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The Ongoing Scandal of Home Health Aides Living in Poverty

August 6, 2016
By Joe Maniscalco

Americare home health aides say the company doesn't care about its employees.
Americare home health aides say the company doesn’t care about its employees.

Brooklyn, NY – The industry-wide scandal of home health aides being unable to earn a decent  living while caring for other people’s frail and elderly loved ones was played out on the streets of Brooklyn this week, as roughly 60 Americare Home Health Agency workers rallied outside the company’s Kings Highway headquarters demanding a fair contract. 

“We take care of people for a living, but Americare really doesn’t care about us,” home health aide Carol High told LaborPress. 

After 15 years as an Americare employee, the 55-year-old Crown Heights mother of four still earns just $10-an-hour. Not much more than the roughly $7-an-hour High earned when she first started working for Americare back in 1999. Eight to twelve-hour days throughout the week are the norm, but High said she must also work an additional 12 hours on weekends just to scrape by. 

“Oh, my god — It’s horrible,” High said. “We are trying so hard to make a living. We take care of people,  but our agency doesn’t take care of us.”

Americare is one of the largest home health care agencies in New York State, employing some 3,000 home health aides throughout the five boroughs, Long Island, Westchester, Rockland, Orange, Dutchess, Putnam, Sullivan and Ulster counties in the Hudson Valley.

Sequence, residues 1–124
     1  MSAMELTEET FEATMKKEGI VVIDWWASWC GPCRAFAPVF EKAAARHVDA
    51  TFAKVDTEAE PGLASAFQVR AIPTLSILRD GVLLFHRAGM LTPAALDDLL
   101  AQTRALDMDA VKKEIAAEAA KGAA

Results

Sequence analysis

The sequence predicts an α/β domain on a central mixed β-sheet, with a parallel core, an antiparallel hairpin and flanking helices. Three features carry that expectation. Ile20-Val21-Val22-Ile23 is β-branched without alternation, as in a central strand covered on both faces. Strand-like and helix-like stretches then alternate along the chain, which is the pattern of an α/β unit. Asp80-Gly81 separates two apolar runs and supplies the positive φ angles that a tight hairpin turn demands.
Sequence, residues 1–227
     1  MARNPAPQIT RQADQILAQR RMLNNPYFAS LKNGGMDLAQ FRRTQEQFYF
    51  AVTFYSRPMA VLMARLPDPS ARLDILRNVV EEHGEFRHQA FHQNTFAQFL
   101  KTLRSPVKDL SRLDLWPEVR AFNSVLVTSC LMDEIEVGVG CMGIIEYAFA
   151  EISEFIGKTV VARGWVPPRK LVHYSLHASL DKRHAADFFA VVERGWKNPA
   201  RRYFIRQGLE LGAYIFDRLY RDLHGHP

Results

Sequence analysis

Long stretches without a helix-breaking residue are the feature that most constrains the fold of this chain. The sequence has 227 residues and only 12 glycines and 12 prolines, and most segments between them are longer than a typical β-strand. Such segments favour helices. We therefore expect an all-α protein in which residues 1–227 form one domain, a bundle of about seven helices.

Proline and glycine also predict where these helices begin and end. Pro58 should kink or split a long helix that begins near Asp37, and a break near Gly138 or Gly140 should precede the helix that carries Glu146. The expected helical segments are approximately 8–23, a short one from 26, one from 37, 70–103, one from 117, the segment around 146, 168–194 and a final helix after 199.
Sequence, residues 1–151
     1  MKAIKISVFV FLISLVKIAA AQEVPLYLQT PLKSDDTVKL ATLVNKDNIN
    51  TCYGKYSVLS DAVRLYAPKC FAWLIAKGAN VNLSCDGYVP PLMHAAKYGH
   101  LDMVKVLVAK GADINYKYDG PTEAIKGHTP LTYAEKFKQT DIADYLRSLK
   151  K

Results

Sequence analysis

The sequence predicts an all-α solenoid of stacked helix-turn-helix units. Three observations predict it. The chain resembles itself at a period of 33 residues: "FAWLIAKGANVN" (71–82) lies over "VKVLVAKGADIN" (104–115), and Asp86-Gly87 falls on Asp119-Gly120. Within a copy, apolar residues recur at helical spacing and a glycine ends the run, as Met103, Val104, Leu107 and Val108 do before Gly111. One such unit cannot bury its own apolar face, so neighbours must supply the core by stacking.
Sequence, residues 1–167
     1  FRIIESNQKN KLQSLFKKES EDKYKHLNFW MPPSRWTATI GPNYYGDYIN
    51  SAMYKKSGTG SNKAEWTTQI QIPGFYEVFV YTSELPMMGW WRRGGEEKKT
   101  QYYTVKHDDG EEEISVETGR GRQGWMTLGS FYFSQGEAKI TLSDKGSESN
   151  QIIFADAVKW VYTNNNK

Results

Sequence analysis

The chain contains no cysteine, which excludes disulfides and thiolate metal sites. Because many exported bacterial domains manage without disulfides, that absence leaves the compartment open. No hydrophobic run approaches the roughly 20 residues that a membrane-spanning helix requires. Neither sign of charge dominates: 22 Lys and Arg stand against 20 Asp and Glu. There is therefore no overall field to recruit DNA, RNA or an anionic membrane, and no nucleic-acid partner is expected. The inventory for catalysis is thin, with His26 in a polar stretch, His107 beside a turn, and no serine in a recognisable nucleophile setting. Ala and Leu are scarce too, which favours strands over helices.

Employees provide a gamut of vital human services for their infirm clientele — everything from bathing and feeding to shopping and cleaning. 

Workers rallying outside Americare’s Kings Highway headquarters this week have been working for months without a contract. 

Idania Baldoquin, union representative for UFCW Local 2013, said that the company that touts its unique “compassion” has, so far, been dragging its feet in the negotiating process. 

“These people deserve a contract now,” Baldoquin said. “They deserve fair treatment and respect.”

Fair treatment and respect, however, are hard to come by for those who have dedicated their lives to caring for some of the most vulnerable members of society. 

In New Jersey, caregivers at Alaris Health have spent the summer of 2016 trying to win fair wages and benefits from a company that has raked in more than $170 million in profit between 2010 and 2014.  

In New York State, there are in excess of 162,000 home health aides struggling to make a living on an annual median salary of $23,370. 

UFCW Local 2013 says Americare is dragging its feet in contract negotiations.
UFCW Local 2013 says Americare is dragging its feet in contract negotiations.

High argues, in part, that Americare can afford to pay home health aides more because Medicaid reimbursements to the company translate into $30-an-hour per aide. 

“We are out there making the company money, but they are  not paying us enough,” High said.

Two of High’s four children joined her on the picket line outside Americare’s headquarters this week.  

“My kids grew up knowing me working for Americare,” High said. “I’m dedicated to what I do because I care about people. What we’re asking for are just livable wages so we can take care of our bills and pay our rent.”

Americare home health aides also took to the streets outside the company's Kings Highway headquarters in 2013.  

Americare has yet to respond to requests for comment. 

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